Bart the Bear: Best Acting Credit Ever?
A Television Review by Akash Singh
NOTE: SPOILERS OCCUR!!!!!!!
The Bear and the Maiden Fair is George R. R. Martin’s third writing credit for the series and easily his weakest one. This isn’t a bad episode per say (Thrones doesn’t have those on principle), but compared to The Pointy End and Blackwater, this episode is a bit more scattered and less thunderous. There is, as has been the case with such a strong third season, a thematic unity of love and how it can survive between two people despite such an incredible amount of animosity in this exceedingly cruel world. And in the case of this hour, it doesn’t just relate to romantic love. It also questions camaraderie and loyalty as being equivalent to romantic love and how those can even survive. As often is the case with Thrones, the pairing can be quite odd, as bemusing as a bear and a maiden fair.
The episode opens on an exceedingly beautiful and haunting shot from the wonderful Michelle MacLaren of the broken ghost ships from the Blackwater just simmering in the bay. There’s an eerie and ghostly aura about that watery graveyard as Melisandre makes Gendry look upon the castle at King’s Landing. She quietly reveals that his father was King Robert of the House Baratheon and that means that great things in his future. As far as I’m concerned, it’s still pointing to sacrifice, but maybe there’s a pleasant ending hidden somewhere. Even though I still find that a bit difficult to believe.
Jon Snow and Ygritte get a good chunk of the episode to themselves and the episode actually gets back to them twice, which is almost unheard of considering how packed with characters this series is. The love story between them is a bit more conventional, almost like a Romeo and Juliet sort of set-up with both of them being on opposite sides of the story lines. The two are clearly in love with each other and even get a wonderful little moment where Ygritte mistakes a windmill for a castle and is bemused when Jon mentions that some girls faint at the sight of blood. But Ygritte and Martin make another poignant point about how Jon has to make a choice as the wildlings get closer and closer to Castle Black. He can’t fight for both sides, after all, no matter how much he may want to.
Daenerys is visited by the Yunkai emissary, a quick indication of how far Daenerys has come. The Yunkai emissary makes a seemingly enticing offer of gold and ships if she just leaves Slaver’s Bay and heads for Westeros (I can imagine there’s a certain segment of the fanbase that basically wishes for the exact same thing). But Daenerys disagrees, using her dragons as a powerfully display of power that Yunkai does not possess. MacLaren’s camera is especially sharp here, keeping at least one Yunkai slave in the camera’s sights as if to remind the audience as to what is truly at stake here. She cannily keeps the gold, promising to destroy Yunkai if they don’t bow down to her. She has Jorah look into Yunkai’s powerful friends, her eyes burning with a ferocity as she looks out onto her next conquest.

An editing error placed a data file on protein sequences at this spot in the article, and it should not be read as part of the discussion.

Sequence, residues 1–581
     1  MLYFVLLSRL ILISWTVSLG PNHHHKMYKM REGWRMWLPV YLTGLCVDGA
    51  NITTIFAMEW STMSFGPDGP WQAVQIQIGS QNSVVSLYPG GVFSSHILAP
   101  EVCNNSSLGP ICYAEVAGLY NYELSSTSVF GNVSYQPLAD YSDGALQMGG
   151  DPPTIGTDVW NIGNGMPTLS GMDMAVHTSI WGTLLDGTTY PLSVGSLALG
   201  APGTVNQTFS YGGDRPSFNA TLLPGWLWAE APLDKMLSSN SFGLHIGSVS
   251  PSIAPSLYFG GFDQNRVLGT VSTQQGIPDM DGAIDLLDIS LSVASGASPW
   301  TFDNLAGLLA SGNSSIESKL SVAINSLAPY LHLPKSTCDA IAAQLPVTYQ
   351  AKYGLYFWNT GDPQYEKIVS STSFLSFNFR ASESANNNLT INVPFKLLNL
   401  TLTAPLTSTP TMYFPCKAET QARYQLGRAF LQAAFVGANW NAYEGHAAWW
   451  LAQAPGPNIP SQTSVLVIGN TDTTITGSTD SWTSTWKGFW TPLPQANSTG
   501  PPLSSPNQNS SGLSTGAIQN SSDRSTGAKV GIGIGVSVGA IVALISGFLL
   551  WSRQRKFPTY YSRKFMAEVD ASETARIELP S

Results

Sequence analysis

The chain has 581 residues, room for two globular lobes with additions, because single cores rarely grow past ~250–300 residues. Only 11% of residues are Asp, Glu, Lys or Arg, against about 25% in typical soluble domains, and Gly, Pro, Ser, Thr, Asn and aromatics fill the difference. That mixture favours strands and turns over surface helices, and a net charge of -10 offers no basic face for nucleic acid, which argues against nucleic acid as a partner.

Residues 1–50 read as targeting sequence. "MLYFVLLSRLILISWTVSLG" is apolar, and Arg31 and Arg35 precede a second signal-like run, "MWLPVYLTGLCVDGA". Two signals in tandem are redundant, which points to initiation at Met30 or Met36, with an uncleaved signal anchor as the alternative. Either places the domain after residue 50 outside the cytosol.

Theon’s scene this episode was excruciating. It’s not a bad sequence in and of itself and it’s arguably the most excruciating and effective torture scene yet because it takes advantage of Theon’s chief weakness that lies in sex. But it feels that one of the most irritating aspects of Theon’s storyline is that it has literally been clubbed over the head. It is understandable that the showrunners don’t want to abandon his character for an entire season, but giving him torture scenes for basically every episode makes the entire storyline drag. So when he’s castrated at the end of the hour, it feels uncomfortable but you ultimately don’t really give a damn.
Bran’s story is moving along a bit sluggishly, even though Osha gets a nice moment to shine. She relates the horrible tale of how her romantic partner one night became a wight and attempted to kill her. It serves as a nice scene that affirms why Osha is so terrified of traveling to the North. Robb and Talisa get a wonderful little scene that largely seems to focus on both of their asses, especially Talisa’s. She reveals her pregnancy and there’s a deliberate pause in the entire proceedings, make of that what you will. In Arya news, she runs away from the Brotherhood after their betrayal of Gendry and straight into the arms of the Hound. Oh, dear.
S*** goes down in Harrenhal this episode. Jamie realizes that his lie about the sapphire has ironically condemned Brienne. Because Locke and company believed Jamie’s tale about the sapphires, they’re rejecting Brienne’s father’s offer, certain that he will pony up more. Jamie struggles as he sits about the plains with hunan experimenter physician Qyburn. At seemingly long last, Jamie makes the right decision and rides back to Harrenhal. There he finds Brienne literally fighting Bart the Bear (the name of the actor, not the bear in-universe) in a pit. Jamie, knowing that Locke and company wouldn’t risk his life because of how valuable he is, jumps into the pit. The both of them barely make it out alive as Ramin Djawadi’s score swells behind them. Jamie’s redemption and the mutual bond between him and Brienne grows stronger, as rescuing someone from a bear pit ought to do. The bear roars at the heavens and the screen cuts to black.
Title: The Bear and the Maiden Fair
Written By: George R. R. Martin
Director: Michelle MacLaren
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